Joel Schumacher’s retelling of Andrew Lloyd Webber’s musical The Phantom of the Opera is less magnificent than its on-stage counterpart. Many elements of the stage production that thrive because of their simplicity are overindulged in the film.
The movie, which emulates the storyline and score of Webber’s original masterpiece, begins with a black-and-white sequence during the auction of old opera house items. When the chandelier is introduced, the blacks and whites of the prologue melt into the vibrant colors of the opera house during its heyday. Schumacher’s cinematography here is fabulous, grabbing the audience’s attention while the dusty, decrepit opera house magically turns into a beautiful, bustling theater full of life.
Emmy Rossum, both professionally trained in opera and with on-screen acting experience, shines in the role of Christine. (Rossum played Sean Penn’s daughter in Mystic River). Her beautiful voice perfectly conveys the innocence of the girl who ultimately becomes the object of the Phantom’s obsession.
The movie starts to fall apart when the sexy, not sinister, Gerald Butler appears as the Phantom. Butler had big shoes to fill appearing in the role so well-defined by Michael Crawford from 1986-1991.
Though he’s no Crawford, Butler does just fine. However, it’s hard to feel pity for the disfigured, socially unacceptable monster when Butler doesn’t look the part. Butler’s brooding eyes shine through the mask, making the audience wonder why Christine would fend him off in the first place. Additionally, the shape of the Phantom’s mask changes three times throughout the movie, covering a span of skin from eyebrow to cheekbone at its minimum. In addition to his GQ-quality good looks, Butler’s rich, hearty voice easily towers over that of Raoul, Christine’s love.
Patrick Wilson plays the unfortunate role of Raoul, whose wussy, mama’s boy personality easily translates to the big screen. In the stage production, Raoul always comes across as a whiner, who?#34;looks being a trivial issue?#34;couldn’t hold a candle to the Phantom. In an effort to bring some masculinity to an otherwise very tame role, Schumacher concocts a sword fight between Raoul and the Phantom in front of Christine’s father’s tomb. However, rather than the fight making Raoul seem like the great prince Christine thinks he is?#34;he even arrives on a white horse?#34;it makes the audience even more aware of Raoul’s inadequacies.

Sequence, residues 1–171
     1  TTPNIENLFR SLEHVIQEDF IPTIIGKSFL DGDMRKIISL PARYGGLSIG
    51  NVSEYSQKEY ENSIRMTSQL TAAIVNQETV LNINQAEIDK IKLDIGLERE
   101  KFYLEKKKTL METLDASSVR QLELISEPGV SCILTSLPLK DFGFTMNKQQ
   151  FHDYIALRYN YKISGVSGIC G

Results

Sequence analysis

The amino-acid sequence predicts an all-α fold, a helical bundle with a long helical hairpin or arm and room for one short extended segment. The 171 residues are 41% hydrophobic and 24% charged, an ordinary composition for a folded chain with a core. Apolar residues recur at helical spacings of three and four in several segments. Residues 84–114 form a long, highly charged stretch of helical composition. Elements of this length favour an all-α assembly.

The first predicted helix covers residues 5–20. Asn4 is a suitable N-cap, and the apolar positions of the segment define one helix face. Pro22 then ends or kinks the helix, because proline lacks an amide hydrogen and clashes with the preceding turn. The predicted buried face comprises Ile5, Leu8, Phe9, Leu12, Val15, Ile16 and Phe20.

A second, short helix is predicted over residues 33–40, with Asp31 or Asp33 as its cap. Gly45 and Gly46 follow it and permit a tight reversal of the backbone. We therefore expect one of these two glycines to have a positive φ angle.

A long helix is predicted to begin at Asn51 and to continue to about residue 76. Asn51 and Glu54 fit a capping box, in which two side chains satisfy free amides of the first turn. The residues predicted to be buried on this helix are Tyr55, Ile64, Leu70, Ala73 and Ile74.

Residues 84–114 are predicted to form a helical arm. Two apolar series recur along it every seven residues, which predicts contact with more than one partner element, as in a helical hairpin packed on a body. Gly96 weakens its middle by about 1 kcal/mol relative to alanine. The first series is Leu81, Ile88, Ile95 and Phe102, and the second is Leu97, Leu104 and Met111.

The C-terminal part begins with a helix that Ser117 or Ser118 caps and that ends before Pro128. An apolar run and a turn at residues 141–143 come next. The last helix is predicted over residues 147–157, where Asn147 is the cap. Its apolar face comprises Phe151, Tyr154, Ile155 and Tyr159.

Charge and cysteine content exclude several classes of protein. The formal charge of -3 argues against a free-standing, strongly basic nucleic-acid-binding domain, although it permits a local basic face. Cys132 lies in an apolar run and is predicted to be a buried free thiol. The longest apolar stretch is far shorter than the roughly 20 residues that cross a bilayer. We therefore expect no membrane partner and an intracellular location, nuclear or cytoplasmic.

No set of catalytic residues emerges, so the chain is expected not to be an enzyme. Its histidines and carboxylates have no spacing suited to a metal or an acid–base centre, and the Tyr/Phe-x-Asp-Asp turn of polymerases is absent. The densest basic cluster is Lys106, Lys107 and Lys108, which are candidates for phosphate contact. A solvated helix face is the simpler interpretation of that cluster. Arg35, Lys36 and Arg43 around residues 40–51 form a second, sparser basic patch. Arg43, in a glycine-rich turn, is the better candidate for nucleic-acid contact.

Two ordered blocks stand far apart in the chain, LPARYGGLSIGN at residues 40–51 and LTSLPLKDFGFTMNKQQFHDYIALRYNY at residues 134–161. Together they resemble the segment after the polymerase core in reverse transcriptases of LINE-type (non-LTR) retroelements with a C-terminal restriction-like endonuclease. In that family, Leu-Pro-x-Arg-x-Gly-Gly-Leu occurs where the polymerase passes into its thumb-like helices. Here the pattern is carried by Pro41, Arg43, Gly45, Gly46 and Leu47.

The two biggest drawbacks to the movie version are the lack of danger involving the Phantom and the far-away feeling of the opera singers.
When Butler takes Christine into his lair beneath the opera house, it feels more like he’s trying to seduce her than capture her. And the Phantom’s lair of darkness isn’t even quite that. Immaculate lighting structures illuminate the pathway so well, the audience easily forgets Christine is venturing into the heart of darkness.
Finally, it’s hard to ignore the feeling of distance between the actors on screen and the songs they’re supposedly singing. It looks like they have dubs-disease.
In the end, efforts to translate the production to the big screen make for a lackluster performance, leaving seasoned theatergoers wanting more and those inexperienced with the stage production wondering what the hubbub has been all about.